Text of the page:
The law was also suspicious of what was referred to as Ramon’s “unusual” interest in Diane, and the fact that he’d often use Spanish endearments when he was speaking with her. The D.A. felt that there was enough to charge him with the murder.

Ramon was held without bail.

 NEXT TIME: Ramon’s trial and case wrap-up.

Hollywood Cinderella, Part 2

madge_portraitMadge Meredith was a true Hollywood Cinderella. She had been plucked from behind the cash register in the 20th Century-Fox commissary in the mid-1940s to appear in films. When her contract with 20th Century-Fox ended she was picked up by RKO.

She must have pinched herself when she was able, with a little help from her business manager and friend Nick Gianaclis, to purchase a home in the Hollywood Hills. Her future looked rosy.

But the clock struck midnight and Madge was not only back to being Marjorie Massow from Iowa City, Iowa, she was a convicted felon facing prison for kidnapping her friend and benefactor, Nick Gianaclis!meredith deputy

Madge continued to maintain her innocence, of course the guilty usually do. But was she really guilty? A jury thought so, and so did the higher courts. In May 1949, once her appeals had been exhausted, Madge was on her way to Tehachapi to begin serving her term of from five years to life.

Madge vanished from the newspapers and the public consciousness until March 1951, when the parole board of the California Adult Authority recommended her for release from prison. Normally she would not have been eligible for parole for another two years, but the board had examined Madge’s case and concluded that she had been the victim of a miscarriage of justice. E.W. Lester, a member of the three-man board, said:

“It was our conclusion that the girl (Madge) knew something was going to happen to Gianaclis and Davis–perhaps that they were to be intimidated, but that she contemplated no physical assault on the men.”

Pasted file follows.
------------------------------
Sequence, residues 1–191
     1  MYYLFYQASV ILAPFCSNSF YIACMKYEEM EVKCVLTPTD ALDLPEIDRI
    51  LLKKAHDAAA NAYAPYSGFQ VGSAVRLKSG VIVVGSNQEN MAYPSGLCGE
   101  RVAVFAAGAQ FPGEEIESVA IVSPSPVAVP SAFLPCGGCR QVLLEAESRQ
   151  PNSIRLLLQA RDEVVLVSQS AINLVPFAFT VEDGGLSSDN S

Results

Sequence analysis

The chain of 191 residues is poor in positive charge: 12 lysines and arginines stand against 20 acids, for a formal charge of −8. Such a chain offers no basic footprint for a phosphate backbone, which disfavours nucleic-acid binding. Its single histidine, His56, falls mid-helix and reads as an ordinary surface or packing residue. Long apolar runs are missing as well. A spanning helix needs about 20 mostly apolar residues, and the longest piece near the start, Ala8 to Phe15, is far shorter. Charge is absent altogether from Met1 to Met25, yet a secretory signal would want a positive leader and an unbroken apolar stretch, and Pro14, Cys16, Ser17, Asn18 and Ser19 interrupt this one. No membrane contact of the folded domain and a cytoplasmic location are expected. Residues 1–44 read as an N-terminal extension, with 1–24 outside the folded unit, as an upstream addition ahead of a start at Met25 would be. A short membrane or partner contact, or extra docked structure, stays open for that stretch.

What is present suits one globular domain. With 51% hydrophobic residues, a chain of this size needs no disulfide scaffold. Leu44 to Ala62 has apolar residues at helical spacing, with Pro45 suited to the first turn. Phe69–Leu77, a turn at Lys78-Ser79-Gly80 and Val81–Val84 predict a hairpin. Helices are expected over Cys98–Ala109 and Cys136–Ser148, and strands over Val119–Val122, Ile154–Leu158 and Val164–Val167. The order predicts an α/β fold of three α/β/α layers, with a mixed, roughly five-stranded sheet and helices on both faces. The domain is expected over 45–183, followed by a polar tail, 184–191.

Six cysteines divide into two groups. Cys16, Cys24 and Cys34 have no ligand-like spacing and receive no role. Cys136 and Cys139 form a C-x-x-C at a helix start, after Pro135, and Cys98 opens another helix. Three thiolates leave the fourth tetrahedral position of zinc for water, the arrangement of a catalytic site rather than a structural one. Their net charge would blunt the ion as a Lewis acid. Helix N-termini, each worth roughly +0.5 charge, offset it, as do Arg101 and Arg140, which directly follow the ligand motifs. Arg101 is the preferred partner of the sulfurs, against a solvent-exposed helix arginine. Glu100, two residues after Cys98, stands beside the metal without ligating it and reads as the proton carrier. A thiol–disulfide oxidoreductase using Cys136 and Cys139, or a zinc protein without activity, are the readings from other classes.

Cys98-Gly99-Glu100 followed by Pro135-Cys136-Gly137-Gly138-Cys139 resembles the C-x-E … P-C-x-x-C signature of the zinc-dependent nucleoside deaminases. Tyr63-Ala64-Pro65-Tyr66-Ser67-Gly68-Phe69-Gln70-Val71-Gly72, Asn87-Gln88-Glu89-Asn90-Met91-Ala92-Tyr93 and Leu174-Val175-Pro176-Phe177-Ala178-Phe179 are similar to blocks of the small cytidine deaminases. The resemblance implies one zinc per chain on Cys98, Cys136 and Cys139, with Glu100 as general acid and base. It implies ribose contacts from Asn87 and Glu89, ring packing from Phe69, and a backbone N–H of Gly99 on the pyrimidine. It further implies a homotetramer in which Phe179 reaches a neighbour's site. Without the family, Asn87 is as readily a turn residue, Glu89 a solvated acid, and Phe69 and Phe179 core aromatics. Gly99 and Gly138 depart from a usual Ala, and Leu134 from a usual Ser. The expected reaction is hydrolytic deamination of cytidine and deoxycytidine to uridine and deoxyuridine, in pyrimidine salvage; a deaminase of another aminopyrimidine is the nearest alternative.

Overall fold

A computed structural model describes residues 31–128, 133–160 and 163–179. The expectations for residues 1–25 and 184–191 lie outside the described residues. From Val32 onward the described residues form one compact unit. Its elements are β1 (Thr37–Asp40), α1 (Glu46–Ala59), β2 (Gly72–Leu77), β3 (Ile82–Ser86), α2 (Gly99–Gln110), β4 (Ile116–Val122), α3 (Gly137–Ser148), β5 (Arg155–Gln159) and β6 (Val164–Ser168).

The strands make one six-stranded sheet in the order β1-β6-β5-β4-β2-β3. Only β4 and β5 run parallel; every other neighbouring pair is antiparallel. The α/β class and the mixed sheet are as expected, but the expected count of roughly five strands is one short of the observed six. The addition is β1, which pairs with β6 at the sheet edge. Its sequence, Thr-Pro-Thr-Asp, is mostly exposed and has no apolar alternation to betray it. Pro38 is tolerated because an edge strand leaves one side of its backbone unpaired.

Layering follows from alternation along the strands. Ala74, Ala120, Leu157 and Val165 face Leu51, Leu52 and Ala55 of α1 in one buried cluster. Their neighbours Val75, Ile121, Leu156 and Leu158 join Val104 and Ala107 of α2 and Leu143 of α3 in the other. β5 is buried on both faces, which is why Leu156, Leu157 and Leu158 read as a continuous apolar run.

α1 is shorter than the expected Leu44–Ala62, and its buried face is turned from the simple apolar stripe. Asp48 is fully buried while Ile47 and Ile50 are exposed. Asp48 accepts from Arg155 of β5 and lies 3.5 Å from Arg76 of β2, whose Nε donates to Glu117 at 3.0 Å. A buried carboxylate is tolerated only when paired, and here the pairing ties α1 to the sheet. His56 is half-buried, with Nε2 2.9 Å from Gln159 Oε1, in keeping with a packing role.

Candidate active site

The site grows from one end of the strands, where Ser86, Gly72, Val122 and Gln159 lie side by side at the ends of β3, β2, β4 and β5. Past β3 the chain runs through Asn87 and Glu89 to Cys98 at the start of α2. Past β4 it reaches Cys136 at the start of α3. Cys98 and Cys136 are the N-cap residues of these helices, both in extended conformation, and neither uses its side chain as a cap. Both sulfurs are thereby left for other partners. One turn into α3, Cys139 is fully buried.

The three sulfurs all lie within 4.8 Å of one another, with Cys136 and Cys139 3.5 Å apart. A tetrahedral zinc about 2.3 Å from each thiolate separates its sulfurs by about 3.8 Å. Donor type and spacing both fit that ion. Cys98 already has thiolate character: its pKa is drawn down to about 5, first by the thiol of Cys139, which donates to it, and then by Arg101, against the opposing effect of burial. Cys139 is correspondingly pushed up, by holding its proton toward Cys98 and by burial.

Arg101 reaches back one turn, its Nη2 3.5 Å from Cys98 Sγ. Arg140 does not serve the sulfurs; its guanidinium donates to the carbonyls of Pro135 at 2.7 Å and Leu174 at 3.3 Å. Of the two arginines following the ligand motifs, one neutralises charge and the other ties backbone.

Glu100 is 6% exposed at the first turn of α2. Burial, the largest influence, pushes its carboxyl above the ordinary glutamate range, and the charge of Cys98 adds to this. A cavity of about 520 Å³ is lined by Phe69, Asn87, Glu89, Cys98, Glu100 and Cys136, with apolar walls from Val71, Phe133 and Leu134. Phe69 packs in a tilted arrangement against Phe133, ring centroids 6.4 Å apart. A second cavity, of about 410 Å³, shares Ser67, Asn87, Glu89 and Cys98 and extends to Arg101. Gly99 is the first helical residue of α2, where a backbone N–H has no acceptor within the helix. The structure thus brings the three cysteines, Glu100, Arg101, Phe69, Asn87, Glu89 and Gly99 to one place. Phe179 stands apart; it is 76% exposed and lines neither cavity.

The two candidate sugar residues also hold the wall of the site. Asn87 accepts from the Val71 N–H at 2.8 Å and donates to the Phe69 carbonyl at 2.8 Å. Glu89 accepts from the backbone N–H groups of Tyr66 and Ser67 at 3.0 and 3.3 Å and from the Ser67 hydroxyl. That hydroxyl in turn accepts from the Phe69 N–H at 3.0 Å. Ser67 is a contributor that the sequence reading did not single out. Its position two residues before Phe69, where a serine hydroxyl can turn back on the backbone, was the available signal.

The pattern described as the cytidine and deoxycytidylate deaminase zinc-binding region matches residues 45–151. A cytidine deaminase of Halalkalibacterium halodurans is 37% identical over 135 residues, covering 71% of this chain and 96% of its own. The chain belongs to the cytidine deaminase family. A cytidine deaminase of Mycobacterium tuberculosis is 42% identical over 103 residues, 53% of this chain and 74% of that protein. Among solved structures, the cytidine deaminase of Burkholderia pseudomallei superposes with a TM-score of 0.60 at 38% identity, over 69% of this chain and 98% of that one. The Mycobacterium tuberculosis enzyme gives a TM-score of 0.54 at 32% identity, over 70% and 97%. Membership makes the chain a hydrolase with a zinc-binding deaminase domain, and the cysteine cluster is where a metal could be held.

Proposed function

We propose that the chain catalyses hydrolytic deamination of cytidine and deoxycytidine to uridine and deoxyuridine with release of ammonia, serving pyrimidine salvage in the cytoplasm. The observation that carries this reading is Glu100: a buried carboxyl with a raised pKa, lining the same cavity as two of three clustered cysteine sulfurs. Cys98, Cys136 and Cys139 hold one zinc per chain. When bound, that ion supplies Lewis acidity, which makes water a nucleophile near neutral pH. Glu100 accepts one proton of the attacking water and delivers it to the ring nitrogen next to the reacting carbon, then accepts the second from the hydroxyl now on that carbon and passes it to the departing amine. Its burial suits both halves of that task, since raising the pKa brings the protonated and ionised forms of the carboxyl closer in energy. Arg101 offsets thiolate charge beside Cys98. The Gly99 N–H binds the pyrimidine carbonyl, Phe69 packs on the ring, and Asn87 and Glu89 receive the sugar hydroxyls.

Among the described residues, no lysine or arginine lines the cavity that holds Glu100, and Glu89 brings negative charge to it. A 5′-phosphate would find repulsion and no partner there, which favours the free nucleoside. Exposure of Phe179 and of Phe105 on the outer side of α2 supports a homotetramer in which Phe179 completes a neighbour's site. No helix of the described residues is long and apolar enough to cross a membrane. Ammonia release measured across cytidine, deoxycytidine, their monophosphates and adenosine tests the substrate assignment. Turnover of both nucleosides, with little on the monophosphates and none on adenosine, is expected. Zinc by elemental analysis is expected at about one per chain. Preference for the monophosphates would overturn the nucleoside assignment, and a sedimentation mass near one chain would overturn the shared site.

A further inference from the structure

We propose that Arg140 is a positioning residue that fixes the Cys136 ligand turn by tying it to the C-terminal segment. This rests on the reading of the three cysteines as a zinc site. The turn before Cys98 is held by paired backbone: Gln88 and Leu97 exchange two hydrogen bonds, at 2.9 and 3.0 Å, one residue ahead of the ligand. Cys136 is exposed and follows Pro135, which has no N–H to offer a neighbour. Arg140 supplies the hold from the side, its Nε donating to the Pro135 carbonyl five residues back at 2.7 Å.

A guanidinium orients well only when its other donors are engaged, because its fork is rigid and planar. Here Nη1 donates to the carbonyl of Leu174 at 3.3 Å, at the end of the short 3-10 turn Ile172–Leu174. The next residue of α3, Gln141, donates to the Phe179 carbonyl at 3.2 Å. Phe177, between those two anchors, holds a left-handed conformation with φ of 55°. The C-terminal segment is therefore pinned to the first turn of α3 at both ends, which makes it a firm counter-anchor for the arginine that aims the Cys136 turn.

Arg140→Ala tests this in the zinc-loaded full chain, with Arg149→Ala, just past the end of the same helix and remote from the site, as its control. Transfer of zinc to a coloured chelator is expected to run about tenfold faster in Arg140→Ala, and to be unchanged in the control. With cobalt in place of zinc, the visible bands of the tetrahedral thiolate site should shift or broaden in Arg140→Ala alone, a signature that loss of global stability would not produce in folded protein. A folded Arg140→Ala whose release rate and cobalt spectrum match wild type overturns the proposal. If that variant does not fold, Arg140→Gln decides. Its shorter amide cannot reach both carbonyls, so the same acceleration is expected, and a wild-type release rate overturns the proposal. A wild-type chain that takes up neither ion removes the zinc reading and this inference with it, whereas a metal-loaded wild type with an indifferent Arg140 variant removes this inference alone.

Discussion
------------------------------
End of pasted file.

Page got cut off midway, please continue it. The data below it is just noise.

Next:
The board’s action was unusual in that the body met to consider Madge’s application for clemency rather than for parole. The board sent their recommendation to Governor Warren for action.

The California State Assembly took an even stronger stand in Madge’s case than the parole board had done; they charged that the trial had been a mockery and that she had been railroaded to prison!

The Assembly report supported Madge’s claims of innocence, in particular her assertion that she’d been framed by Nick. They also felt that she’d been poorly represented in court.

“Had Miss Meredith been properly defended in a court free of prejudice she would have undoubtedly been proven innocent of the crime.”

The report continued:

“…nor are the tactics of the prosecution above reproach. That witnesses were intimidated is a matter of court record. There is shocking evidence of perjury, suppression of evidence and an almost unbelievable reluctance on the part of defense counsel to investigate the cause of Defendant Meredith.”